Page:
Tillman speaks at Paly about the loss of her son and her distrust of government

    Mary Tillman, mother of the late Pat Tillman, football player turned US soldier, spoke to Paly students, on Friday, March 31 in the ERC, during lunch about the anger and distrust she feels towards the government about the war in Iraq.

    Pat Tillman turned down a $3.6 million contract with the Arizona Cardinals of the National Football league after September 11, 2001, to join the war efforts in Afghanistan.

    After his death on April 22, 2002, the Tillman family experienced much pain as a storm of alleged governmental lies and reports engulfed the family, described Tillman

    “When I first found out Pat had been killed we heard from the government he was charging up a hillside and was very heroic,” Tillman said. “Five weeks later I got a call from a reporter from the Arizona Republic Paper who told me that Pat was killed by friendly fire. My other son, Kevin, who was in the same platoon, was heading home to tell me, but the news was broken to me by the reporter.”

    According to a first of a two-part series article in the Washington Post on Dec. 5, 2004, “Army commanders hurriedly awarded Tillman a posthumous Silver Star for valor and released a nine paragraph account of his heroism that made no mention of fratricide.”

    After hearing the news from the Arizona reporter Mary Tillman became suspicious and sent questions to Senator John McCain to send to the army. The results however, made little sense and there were lots of discrepancies, Tillman said.

    During her talk, Tillman voiced her opinion on what she feels really happened.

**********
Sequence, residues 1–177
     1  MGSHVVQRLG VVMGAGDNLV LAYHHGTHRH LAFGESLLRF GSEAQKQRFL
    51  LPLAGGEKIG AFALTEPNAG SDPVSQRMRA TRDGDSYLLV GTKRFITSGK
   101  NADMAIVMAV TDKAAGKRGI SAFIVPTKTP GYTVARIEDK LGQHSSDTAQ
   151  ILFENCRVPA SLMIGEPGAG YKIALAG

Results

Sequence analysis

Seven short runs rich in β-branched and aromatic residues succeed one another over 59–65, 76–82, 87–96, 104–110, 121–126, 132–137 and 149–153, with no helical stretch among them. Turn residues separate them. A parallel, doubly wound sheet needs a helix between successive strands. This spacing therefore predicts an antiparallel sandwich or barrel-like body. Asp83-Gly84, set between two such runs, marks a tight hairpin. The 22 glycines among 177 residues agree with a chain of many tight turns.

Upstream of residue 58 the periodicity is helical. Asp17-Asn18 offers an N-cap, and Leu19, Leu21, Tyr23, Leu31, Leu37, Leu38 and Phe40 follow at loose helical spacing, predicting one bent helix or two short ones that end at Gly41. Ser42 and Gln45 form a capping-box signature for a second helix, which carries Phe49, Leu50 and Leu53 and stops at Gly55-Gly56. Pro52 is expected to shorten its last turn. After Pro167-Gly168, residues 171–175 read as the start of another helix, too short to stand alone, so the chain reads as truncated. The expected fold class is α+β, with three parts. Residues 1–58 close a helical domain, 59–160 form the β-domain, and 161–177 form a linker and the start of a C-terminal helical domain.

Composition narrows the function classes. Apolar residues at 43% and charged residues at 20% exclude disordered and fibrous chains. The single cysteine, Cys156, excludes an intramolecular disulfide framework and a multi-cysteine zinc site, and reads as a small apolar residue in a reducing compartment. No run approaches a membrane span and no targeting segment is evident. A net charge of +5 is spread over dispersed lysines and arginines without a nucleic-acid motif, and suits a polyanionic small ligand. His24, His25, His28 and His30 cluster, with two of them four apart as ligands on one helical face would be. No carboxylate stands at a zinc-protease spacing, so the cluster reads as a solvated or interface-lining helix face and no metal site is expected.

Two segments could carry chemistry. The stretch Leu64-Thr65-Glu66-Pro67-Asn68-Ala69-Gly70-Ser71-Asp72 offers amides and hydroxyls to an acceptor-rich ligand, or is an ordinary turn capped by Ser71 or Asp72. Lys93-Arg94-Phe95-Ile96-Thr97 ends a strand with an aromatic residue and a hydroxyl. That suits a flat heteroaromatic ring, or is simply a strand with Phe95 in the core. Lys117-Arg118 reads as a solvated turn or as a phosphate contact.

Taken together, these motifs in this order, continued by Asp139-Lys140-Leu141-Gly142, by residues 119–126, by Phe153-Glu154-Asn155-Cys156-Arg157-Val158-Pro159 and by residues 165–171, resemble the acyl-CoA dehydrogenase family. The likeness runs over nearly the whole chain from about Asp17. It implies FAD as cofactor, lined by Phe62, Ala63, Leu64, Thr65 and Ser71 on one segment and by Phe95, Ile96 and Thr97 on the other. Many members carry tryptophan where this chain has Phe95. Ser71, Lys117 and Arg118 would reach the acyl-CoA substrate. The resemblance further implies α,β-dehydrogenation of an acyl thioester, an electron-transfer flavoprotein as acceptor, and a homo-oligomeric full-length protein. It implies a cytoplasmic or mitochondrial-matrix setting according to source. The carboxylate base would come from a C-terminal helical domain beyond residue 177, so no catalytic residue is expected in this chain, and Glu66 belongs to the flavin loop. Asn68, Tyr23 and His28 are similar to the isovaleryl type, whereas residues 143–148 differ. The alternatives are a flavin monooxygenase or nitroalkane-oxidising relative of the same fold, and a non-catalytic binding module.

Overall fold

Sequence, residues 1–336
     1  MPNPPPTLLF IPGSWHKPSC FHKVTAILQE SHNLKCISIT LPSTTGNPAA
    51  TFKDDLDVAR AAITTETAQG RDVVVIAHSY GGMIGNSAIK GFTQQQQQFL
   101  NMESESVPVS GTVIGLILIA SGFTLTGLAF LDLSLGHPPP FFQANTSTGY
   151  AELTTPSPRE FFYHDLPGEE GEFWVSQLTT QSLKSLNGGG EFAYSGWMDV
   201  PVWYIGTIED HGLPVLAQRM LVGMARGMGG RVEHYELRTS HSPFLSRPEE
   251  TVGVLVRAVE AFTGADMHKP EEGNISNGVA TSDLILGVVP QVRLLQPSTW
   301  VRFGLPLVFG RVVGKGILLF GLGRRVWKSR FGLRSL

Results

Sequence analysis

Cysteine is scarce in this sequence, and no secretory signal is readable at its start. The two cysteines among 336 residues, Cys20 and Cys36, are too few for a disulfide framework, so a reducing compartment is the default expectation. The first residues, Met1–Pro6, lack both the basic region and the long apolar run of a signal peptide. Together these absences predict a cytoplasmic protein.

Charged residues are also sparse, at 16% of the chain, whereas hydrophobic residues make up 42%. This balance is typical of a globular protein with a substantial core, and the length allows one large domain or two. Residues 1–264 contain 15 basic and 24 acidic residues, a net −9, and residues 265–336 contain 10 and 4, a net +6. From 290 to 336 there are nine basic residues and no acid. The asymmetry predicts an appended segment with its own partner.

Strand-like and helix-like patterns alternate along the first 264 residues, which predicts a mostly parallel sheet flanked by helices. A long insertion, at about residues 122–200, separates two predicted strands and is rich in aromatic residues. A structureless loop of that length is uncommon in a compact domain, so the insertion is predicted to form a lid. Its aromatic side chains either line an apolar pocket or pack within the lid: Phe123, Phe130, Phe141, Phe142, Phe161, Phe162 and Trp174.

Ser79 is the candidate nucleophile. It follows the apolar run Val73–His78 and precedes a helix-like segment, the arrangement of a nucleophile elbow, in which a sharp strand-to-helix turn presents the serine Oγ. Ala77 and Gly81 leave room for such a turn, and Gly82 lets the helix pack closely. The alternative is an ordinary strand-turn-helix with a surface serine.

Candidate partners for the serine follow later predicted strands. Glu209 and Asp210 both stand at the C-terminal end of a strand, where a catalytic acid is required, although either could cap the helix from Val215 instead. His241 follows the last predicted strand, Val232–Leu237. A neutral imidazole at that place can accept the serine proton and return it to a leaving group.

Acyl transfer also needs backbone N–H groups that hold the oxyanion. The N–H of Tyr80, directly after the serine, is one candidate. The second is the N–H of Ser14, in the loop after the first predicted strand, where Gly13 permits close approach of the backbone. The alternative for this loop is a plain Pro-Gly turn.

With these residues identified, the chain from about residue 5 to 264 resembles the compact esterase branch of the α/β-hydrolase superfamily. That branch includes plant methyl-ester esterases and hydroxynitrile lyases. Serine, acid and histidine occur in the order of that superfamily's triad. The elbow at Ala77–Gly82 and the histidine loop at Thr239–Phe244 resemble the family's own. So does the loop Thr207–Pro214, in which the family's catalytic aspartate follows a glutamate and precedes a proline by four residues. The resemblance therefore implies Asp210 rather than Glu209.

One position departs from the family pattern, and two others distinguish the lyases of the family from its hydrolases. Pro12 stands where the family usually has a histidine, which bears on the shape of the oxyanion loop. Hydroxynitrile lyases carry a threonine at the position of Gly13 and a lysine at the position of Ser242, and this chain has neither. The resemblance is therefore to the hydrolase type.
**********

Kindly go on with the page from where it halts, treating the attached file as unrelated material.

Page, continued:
“The administration told the Army to make up a tale [about Pat] to deflect the current news on the Abu Grahib scandal. Making the army look good in the eyes of the public.”

    Tillman also felt suspicious of President Bush, who “attached” himself to her son, after his death. She felt this was a publicity stunt, which coincidentally happened during election time.

    Tillman also said that had Pat known that the war would move into Iraq, which wasn’t the government’s public motive when he enlisted, that he would have not joined the army to begin with.

    “Pat was always brave, and by enlisting he knew what he was getting into, he was naive to the fact that the government would use him as a poster child after his death,” Tillman explained.

    The somewhat surprising message that was sent to students during her lecture was that having distrust for your government was okay.

    “It’s not patriotic to trust your government. You cannot trust your government and you must always continue to educate yourself,” Tillman said.

    Though some may disagree and find her statements bold and controversial, Tillman felt very strongly about her beliefs.

    “What happened to Pat was a microcosm of what is happening in Iraq and reporting on the war,” Tillman said.

    Since the election has been over the Tillmans have not heard a word from Bush or McCain.